There were spaces too between the stories—awkward pauses and significant glances—filled with the weight of things unsaid. And there was something else, something Molly couldn’t quite put her finger on. Beneath the fond memories and somber chatter, she caught glimpses of darker undertones, frightening, and out of reach.
She reached for her brother’s hand, but he seemed to shrink from her touch.
At last all the arrangements were made, the paperwork signed. A severe young woman and a flustered man in a suit from the Royal Philanthropic Society arrived. Their names were Ms. Sneed and Mr. Blot and they had come to take the children to their new home. The assembled aunts, cousins, and uncles, even Grandmamma herself, gathered to see them off, sadly, but Molly was unmoved. Their sadness had teeth. For all their sympathy and piety, none of them had been willing to take her and her brother in afterwards, none of them had even offered.
Uncle Josiah lived in a thin, old house at the end of a long, narrow street. There was a light on inside, waiting. Molly and Tom stood staring, dripping in the rain. It was a brownstone, somewhat neglected, with vines creeping up the side, threatening to ensnare the windows. They shared a long look full of furtive sadness and determination.
“Stand up straight,” Ms. Sneed said, interrupting. “You’re a proper young lady, act like it. Your uncle is an important man, even if they say he’s…” Ms. Sneed paused and coughed slightly. On anyone else it would have seemed embarrassed, but Molly had the distinct impression that Ms. Sneed didn’t know the meaning of the word, certainly not as it pertained to herself.
“No dawdling,” she snapped. Mr. Blot gave Molly a slight smile. It was meant kindly but appeared more strained than encouraging. The children exchanged one final glance. No turning back now. They climbed up the stairs and knocked.
Uncle Josiah’s housekeeper, Mrs. Hagen, welcomed them with painful, draconian kindness, fussing over Molly dreadfully, while Ms. Sneed and Mr. Blot spoke with Uncle Josiah in hushed voices. Ms. Sneed, in truth, did most of the talking. Molly couldn’t make out the words, but she was certain they were talking about her, and whatever they were saying, it wasn’t pleasant.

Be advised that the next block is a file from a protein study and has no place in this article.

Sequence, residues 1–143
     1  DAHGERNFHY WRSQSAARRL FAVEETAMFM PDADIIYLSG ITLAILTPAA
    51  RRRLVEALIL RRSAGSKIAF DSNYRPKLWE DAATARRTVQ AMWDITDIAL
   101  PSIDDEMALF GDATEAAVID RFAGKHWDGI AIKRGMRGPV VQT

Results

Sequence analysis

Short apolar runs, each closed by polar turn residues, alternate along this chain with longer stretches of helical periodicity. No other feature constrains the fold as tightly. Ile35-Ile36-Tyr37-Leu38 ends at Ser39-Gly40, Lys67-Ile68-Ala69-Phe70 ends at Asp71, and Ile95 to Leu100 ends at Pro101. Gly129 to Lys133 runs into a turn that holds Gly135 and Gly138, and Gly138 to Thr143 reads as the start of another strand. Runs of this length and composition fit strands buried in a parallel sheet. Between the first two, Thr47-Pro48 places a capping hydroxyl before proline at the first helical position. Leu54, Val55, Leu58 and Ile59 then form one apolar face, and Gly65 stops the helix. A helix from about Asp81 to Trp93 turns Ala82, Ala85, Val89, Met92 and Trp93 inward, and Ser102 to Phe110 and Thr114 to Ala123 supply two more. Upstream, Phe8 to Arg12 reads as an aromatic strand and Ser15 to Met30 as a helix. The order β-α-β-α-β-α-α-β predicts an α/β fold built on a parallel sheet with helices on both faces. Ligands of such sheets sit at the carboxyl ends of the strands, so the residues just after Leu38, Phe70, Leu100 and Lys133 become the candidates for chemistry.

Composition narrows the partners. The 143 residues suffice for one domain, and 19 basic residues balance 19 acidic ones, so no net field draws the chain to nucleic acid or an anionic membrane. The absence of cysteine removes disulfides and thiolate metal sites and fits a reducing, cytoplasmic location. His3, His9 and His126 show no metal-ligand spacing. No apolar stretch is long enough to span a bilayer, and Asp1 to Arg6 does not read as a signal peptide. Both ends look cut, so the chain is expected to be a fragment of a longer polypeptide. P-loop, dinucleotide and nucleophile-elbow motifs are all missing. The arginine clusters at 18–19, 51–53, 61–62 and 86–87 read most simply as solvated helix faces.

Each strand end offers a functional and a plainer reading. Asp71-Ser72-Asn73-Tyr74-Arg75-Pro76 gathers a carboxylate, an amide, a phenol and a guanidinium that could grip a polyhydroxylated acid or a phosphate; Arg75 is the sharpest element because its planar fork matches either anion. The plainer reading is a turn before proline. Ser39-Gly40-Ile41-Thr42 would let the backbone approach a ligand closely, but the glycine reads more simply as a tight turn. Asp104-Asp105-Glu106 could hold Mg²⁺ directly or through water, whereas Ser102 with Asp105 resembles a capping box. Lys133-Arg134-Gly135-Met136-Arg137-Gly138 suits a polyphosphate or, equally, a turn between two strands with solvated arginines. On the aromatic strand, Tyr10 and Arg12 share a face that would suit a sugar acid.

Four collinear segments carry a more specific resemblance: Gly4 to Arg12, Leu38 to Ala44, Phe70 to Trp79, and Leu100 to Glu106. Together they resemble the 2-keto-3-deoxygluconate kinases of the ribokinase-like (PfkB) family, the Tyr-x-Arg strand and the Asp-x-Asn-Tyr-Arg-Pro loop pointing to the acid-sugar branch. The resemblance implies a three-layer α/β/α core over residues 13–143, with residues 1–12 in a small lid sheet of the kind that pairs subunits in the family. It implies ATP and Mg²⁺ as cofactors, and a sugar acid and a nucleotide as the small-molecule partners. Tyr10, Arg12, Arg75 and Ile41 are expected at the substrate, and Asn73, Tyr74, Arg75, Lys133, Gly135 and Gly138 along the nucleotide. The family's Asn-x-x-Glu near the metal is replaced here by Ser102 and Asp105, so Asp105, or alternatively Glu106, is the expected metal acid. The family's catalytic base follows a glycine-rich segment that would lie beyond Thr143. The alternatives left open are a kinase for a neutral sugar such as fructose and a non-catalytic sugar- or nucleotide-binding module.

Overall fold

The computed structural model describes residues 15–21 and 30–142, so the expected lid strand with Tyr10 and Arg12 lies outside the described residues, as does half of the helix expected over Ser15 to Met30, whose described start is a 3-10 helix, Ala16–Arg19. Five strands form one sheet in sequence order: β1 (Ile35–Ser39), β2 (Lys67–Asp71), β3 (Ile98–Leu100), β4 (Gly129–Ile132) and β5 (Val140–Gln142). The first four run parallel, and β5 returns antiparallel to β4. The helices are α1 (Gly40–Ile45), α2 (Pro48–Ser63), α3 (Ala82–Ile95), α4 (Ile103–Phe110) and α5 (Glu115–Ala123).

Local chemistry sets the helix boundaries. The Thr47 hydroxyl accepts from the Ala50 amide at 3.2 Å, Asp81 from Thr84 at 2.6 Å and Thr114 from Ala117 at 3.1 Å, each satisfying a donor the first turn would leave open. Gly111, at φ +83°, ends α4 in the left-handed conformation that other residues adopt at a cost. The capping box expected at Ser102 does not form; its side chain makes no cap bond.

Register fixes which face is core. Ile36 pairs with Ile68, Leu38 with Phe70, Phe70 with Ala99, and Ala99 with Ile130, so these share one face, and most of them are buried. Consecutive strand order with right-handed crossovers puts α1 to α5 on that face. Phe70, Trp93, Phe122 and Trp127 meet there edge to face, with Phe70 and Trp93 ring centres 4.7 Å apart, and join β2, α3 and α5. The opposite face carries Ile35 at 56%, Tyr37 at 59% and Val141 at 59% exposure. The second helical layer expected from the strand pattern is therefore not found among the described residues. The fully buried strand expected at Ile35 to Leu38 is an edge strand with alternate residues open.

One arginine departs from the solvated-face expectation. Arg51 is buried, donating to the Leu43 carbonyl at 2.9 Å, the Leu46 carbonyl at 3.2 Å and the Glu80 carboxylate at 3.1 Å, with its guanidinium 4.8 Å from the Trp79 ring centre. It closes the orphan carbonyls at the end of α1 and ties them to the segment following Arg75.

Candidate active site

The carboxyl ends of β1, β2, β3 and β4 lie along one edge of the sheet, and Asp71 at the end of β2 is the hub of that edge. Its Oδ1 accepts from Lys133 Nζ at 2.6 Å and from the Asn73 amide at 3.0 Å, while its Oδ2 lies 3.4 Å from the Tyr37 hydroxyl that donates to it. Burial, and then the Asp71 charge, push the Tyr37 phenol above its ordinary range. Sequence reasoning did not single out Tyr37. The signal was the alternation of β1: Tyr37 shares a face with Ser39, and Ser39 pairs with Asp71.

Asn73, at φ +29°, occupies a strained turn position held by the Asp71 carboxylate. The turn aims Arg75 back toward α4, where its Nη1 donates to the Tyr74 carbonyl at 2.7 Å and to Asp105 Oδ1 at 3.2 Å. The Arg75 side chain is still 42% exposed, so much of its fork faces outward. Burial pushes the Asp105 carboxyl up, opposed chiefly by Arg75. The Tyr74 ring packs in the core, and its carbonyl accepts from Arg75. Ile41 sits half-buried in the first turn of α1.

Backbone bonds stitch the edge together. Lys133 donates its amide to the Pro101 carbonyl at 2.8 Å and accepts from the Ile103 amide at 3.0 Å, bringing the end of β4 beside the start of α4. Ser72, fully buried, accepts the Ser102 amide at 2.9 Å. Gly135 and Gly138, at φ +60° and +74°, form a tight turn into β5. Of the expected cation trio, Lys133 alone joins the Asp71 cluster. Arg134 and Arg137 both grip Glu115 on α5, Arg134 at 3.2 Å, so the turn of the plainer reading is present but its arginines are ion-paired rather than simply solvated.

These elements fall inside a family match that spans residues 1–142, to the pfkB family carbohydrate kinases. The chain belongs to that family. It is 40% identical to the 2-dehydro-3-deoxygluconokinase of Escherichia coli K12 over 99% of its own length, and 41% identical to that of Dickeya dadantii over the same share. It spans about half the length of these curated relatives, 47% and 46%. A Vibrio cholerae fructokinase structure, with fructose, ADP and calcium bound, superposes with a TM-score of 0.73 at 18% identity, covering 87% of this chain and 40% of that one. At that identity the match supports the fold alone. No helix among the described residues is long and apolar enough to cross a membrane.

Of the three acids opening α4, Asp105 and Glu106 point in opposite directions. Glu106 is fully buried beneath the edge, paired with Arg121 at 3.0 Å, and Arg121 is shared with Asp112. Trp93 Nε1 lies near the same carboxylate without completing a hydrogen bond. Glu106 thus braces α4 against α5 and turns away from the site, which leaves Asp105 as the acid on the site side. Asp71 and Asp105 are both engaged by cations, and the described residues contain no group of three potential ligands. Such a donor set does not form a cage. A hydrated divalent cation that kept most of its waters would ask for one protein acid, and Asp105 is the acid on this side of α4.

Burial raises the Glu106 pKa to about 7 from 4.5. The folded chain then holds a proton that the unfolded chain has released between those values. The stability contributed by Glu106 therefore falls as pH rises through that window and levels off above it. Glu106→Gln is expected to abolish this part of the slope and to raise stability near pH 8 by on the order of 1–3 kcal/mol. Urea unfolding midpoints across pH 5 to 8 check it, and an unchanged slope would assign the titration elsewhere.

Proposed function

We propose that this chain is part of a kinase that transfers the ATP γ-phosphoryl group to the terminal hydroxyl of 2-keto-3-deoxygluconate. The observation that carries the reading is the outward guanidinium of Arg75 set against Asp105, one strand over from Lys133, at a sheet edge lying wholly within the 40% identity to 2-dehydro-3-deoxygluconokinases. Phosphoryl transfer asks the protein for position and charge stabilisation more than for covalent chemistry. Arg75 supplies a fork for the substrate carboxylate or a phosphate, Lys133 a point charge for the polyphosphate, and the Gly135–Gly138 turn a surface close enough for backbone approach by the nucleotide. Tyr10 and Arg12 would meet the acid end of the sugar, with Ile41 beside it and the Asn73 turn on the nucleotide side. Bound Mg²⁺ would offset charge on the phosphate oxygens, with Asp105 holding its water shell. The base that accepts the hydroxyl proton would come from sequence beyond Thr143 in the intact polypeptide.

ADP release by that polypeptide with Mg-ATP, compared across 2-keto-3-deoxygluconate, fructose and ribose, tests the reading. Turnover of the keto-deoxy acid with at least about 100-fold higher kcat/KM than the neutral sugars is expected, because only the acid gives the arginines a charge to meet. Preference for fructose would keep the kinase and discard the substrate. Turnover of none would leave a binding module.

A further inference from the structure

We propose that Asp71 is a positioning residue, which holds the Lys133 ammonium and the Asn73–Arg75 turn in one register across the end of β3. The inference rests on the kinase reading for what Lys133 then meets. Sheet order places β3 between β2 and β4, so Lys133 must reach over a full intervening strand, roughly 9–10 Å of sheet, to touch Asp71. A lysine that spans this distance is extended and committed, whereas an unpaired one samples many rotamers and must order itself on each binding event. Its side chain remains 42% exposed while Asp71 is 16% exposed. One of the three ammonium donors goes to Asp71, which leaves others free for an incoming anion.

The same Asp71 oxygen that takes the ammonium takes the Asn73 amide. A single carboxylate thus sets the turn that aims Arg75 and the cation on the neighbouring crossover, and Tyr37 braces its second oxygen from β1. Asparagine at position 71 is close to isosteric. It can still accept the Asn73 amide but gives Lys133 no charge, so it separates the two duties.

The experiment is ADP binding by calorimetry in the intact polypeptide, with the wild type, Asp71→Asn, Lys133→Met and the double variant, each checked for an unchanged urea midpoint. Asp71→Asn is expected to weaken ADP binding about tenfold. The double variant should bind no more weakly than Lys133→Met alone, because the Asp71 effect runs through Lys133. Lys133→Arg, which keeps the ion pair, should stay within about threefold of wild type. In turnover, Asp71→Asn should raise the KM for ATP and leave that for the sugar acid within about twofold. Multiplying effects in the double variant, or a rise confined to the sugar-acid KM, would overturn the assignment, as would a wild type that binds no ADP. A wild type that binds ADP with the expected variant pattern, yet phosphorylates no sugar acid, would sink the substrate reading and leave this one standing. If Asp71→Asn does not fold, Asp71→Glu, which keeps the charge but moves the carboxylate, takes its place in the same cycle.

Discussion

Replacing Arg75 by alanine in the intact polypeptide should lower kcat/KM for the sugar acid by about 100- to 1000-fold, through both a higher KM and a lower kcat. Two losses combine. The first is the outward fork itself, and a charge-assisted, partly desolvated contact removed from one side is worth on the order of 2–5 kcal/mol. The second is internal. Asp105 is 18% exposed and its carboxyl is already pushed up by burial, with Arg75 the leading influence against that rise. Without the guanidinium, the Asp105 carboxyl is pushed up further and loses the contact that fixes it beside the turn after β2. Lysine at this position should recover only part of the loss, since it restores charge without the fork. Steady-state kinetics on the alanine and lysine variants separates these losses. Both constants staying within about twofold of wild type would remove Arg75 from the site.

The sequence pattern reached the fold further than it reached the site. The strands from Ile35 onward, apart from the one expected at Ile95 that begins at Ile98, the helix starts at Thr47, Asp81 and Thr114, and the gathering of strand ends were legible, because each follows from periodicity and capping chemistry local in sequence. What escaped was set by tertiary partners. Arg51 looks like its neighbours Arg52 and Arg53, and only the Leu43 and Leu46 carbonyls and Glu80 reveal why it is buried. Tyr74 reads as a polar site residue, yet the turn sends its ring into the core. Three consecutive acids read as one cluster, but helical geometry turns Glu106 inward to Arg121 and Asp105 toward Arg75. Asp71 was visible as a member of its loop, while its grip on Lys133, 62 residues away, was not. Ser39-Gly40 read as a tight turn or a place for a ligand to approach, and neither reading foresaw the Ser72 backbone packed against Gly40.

The children were bustled to their room, given a hot bath and some cocoa. Mrs. Hagen brokered no arguments from either them or her ostensive employer. Molly caught glimpses of a third figure, tall and gaunt, lurking unobtrusively in the background, but when she turned to see him properly, he was gone.
Throughout her ministrations, Uncle Josiah remained welcomingly aloof and uttered not a single word of sympathy. Molly was grateful. Indeed, he spoke to them only once that first evening, to bid them good night.
She was sinking, or perhaps falling. Falling through a void. Empty. Lost. She smelt smoke, acrid, burning. It was everywhere. It was nowhere. She looked, wandering far and wide in a world of shadows and thorns, but the flames were always just out of sight. She wondered why she wanted to find them. It seemed important somehow. The fire was important, or maybe she was just cold, and it was warm.
She shivered, her breath frosting in the air. Shapes danced past her eyes, a woman and a man, strangely familiar, but disjointed and blurred. They frightened her. She tried to focus but the more she focused the hazier the shapes became.
“Hello,” she called into the darkness, and the answer came, whispering, babbling. So many voices, too many. They pressed against her, burrowing through the skin, infecting her. She screamed. She was silent. She fell.
She became aware, gradually, of her feet—bare, dirty, and scratched—and the ground rising up to meet them with a roar.
Suddenly she was on solid ground, running, searching for something, or perhaps something was searching for her with a thousand eyes, and ears, and roots.
The shapes were sharper now, more familiar. Bark, branch, leaf, and stem. Trees. That was the word and with it the trees sprouted into sudden reality all around her. She was surrounded, enveloped. Not just trees. A forest.
And she was alone.